Anti-Phishing Bill Introduced To Congress
Sen. Partick J. Leahy has introduced the Anti-Phishing Act of 2005 to Congress for consideration. The Act would allow federal prosecutors to seek fines of up to 0,000 and prison sentences of up to five years against individuals convicted for promoting phishing scams. Online parody and political speech sites would be excluded from prosecution.
“Phishing” is an online scam used to deceive computer users into giving up personal information such as social security numbers and passwords. Phishing scams usually involve email messages requesting the verification of personal information from a familiar business. Readers are provided a link that sends them to what appears to be the site of the company in question. The reader is then asked to verify their account information by providing their name, address, social security number, account number, etc.
In truth, the site is an illegal copy of the business in question and the reader’s information is collected for later fraudulent use including identity theft. Consumers are estimated to lose hundreds of millions of dollars a year to phishing scams. Undoubtedly, you have received more than a few of these emails.
Phishing emails are most likely to use the sites of banks, credit card companies, and large retailers. Online companies such as Ebay, PayPal and Earthlink have had similar problems. One particularly aggressive group even scammed the site of the IRS.
In April 2004, the IRS warned consumers that scam artists were sending emails purportedly from the IRS. Consumers received emails claiming they were under investigation for tax fraud and subject to prosecution. The emails contained language telling recipients they could “help” the investigation by providing “real” information and directed them to a website that was derivative of the IRS site. Consumers were then asked to provide detailed personal information to dispute the charge. Since most people fear the IRS, one can assume that a large number of people took the phishing bait.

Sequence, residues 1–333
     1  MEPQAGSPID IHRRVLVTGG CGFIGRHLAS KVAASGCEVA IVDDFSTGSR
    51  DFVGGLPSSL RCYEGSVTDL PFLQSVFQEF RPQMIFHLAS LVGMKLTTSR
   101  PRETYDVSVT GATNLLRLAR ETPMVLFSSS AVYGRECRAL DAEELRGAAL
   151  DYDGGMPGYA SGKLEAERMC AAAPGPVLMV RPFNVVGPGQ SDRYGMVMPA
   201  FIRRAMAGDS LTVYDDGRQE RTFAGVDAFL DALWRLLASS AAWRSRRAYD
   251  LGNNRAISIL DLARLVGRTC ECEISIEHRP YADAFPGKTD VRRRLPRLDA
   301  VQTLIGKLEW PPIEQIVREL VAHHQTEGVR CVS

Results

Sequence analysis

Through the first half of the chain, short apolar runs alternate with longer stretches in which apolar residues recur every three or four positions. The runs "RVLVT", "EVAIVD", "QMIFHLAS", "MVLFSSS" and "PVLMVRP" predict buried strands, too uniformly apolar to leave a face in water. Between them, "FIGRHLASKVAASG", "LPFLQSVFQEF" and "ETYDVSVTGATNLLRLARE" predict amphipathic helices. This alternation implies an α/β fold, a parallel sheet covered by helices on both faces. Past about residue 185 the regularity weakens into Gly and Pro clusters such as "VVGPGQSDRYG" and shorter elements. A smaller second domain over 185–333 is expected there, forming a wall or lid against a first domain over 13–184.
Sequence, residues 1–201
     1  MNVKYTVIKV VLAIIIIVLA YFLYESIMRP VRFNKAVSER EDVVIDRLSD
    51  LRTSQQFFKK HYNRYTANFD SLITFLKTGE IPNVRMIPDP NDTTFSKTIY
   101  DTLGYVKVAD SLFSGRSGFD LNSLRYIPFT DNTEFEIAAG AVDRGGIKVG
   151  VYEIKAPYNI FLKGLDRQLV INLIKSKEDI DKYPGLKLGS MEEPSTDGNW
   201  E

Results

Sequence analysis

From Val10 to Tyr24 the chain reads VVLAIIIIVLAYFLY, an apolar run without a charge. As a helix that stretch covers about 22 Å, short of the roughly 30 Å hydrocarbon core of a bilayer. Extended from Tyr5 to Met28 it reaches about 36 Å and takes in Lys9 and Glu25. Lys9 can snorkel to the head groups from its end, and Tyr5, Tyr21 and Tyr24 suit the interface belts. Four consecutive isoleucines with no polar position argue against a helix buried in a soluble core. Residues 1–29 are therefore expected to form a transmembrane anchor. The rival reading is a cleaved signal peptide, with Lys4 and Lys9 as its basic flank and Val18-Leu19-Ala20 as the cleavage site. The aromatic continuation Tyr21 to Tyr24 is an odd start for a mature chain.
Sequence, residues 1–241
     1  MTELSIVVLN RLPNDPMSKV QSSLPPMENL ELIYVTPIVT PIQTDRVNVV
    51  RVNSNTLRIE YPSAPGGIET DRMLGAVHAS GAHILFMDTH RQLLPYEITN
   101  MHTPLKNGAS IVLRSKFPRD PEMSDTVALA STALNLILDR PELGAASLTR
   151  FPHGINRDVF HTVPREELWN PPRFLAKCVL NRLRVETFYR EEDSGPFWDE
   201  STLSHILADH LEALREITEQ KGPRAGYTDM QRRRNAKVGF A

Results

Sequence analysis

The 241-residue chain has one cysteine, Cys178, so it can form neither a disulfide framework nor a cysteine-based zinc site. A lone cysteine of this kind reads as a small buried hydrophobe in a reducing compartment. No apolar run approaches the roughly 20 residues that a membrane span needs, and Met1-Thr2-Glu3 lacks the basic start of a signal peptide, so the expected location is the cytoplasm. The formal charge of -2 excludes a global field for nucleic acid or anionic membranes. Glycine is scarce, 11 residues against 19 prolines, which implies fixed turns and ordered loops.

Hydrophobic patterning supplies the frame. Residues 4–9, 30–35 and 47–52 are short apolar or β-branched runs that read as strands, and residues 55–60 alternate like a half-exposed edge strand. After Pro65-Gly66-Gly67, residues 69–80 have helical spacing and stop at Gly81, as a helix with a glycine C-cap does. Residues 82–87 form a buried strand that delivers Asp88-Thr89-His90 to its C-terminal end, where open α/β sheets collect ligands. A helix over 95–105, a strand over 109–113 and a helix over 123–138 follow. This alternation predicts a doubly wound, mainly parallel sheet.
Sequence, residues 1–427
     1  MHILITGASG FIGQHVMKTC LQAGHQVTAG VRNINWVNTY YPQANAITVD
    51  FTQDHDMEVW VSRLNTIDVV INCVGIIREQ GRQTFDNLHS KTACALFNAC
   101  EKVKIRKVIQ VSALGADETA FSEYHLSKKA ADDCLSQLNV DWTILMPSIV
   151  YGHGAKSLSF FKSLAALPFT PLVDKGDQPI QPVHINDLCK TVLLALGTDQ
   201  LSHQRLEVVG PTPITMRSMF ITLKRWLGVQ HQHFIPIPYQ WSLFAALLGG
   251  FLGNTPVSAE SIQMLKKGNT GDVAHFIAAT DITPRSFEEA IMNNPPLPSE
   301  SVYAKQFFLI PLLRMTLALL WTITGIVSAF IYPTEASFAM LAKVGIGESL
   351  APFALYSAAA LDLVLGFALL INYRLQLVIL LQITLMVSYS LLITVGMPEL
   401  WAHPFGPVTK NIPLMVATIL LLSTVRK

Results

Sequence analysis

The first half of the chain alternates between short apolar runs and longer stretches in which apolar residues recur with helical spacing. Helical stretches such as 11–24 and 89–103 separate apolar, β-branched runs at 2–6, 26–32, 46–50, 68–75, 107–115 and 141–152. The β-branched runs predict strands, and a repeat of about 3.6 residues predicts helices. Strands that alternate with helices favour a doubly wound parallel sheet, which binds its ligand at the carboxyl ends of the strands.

The Anti-Phishing Act of 2005 is a nice start to combating scam artists that use phishing to pilfer money from consumers. The Act, however, will not put an end to deceptive phishing practices if it is passed. There reason involves jurisdictional issues.
A large percentage of the individuals promoting phishing scams reside outside of the United States. While they may take notice of the law, it will have no discernible effect on their fraudulent scams. Until there is an international response, phishing scams will continue to be a problem. Nonetheless, Senator Leahy should be commended for initiating efforts to deal with this growing problem.
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